Virginia Registrar Cautiously Implements New Voter Purge Law
Virginia is one of two states to pass a law that allows it to compare voter rolls with neighboring states in an effort to maintain voter rolls. Cross-checking voter rolls, a potentially unreliable method of list maintenance, has already begun in Loudoun County where the registrar reportedly plans to hold off on purging voters before the election to avoid unintended disenfranchisement of eligible citizens.
According to a Leesburg Today report, “[t]he Loudoun County Registrar’s Office will wait until after Election Day Nov. 5 to investigate the status of each of the [2,176] voters flagged as duplicates. Loudoun General Registrar Judy Brown said she doesn’t want to move too quickly and strike legitimate voters from the rolls.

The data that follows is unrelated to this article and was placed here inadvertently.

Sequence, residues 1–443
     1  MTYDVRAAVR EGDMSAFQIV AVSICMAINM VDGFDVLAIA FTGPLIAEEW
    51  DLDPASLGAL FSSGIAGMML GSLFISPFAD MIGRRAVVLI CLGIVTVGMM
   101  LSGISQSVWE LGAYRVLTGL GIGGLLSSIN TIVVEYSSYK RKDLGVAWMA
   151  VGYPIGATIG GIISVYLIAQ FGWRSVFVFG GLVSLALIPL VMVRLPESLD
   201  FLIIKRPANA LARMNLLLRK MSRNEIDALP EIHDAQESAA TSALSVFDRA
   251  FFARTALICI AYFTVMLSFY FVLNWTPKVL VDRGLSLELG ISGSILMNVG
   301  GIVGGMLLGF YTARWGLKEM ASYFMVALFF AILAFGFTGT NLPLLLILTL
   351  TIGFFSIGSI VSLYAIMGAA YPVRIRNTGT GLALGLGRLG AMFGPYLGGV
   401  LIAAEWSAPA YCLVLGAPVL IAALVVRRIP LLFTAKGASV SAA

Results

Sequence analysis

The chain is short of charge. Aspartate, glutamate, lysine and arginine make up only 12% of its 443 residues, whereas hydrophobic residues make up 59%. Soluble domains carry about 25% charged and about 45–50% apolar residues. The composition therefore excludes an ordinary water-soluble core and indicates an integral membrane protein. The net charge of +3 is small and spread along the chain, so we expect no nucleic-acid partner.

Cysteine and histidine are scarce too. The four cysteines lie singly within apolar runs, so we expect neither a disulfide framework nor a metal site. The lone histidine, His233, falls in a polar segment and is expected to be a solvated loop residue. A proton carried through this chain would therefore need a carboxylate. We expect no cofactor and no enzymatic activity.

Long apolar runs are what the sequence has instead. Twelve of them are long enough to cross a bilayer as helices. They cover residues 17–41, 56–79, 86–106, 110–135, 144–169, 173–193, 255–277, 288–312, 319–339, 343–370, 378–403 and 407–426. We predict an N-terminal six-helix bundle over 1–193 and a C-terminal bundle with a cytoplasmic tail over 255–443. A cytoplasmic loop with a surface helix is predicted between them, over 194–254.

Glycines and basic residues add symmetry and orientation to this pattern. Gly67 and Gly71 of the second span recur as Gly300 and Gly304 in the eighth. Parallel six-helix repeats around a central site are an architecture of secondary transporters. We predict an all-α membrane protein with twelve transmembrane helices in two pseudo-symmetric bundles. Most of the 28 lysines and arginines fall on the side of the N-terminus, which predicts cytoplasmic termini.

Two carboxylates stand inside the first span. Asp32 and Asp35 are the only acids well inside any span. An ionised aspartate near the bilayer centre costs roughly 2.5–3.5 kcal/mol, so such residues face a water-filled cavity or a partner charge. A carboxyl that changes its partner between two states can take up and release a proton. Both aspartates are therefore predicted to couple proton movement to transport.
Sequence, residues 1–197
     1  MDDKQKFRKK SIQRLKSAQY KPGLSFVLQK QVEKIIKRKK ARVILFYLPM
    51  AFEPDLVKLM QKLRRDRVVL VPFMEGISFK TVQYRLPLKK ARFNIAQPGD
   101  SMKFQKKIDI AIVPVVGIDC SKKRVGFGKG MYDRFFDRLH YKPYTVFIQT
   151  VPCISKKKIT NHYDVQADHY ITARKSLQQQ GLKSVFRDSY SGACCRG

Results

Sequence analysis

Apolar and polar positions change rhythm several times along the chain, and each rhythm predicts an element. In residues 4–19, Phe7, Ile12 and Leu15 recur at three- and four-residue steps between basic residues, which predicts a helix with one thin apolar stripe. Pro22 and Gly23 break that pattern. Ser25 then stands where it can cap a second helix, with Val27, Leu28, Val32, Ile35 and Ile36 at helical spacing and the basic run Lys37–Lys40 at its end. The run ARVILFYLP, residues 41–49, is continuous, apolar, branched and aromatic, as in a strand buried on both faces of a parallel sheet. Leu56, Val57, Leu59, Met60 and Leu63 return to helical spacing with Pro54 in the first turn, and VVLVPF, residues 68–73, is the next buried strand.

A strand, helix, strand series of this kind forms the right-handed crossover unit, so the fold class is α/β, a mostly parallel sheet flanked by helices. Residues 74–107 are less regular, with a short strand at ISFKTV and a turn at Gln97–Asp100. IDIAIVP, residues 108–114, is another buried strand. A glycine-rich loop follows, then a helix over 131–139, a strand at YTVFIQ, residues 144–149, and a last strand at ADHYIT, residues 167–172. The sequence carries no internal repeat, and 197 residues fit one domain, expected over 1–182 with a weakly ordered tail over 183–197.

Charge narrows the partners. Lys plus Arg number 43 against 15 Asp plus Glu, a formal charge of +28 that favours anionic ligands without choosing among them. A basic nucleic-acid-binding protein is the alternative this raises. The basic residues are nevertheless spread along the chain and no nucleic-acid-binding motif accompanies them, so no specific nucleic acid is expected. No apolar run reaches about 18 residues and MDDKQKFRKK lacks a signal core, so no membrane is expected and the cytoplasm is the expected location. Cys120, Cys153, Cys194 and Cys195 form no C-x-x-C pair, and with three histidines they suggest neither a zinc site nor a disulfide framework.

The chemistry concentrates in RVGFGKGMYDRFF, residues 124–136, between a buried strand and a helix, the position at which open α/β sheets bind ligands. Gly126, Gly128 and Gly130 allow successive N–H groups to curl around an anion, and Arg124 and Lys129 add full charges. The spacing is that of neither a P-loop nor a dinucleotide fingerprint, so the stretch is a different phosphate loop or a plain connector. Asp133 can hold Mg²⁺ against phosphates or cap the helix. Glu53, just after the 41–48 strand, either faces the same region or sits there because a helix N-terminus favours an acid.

“‘The state board cross checks the voter registration and sometimes they get it right and sometimes they don’t,’ she said. ‘We want to do our due diligence and our research to verify we’re not removing someone for no reason.’”
Virginia is one of 21 states to join the interstate matching agreement, most of which are “Republican-led states that have focused on voter and election laws in recent years. Supporters say the steps are needed to protect the integrity of the voting process, but many Democratic leaders say there is little evidence of voter fraud and such measures are a burden on elderly, poor and minority voters,” Leesburg Today reports.
In 2013, interstate database matching policies were proposed in six states and adopted in Virginia and Indiana. Learn more about this year’s voter list maintenance proposals and laws here.
Photo by Aaron Webb via Creative Commons.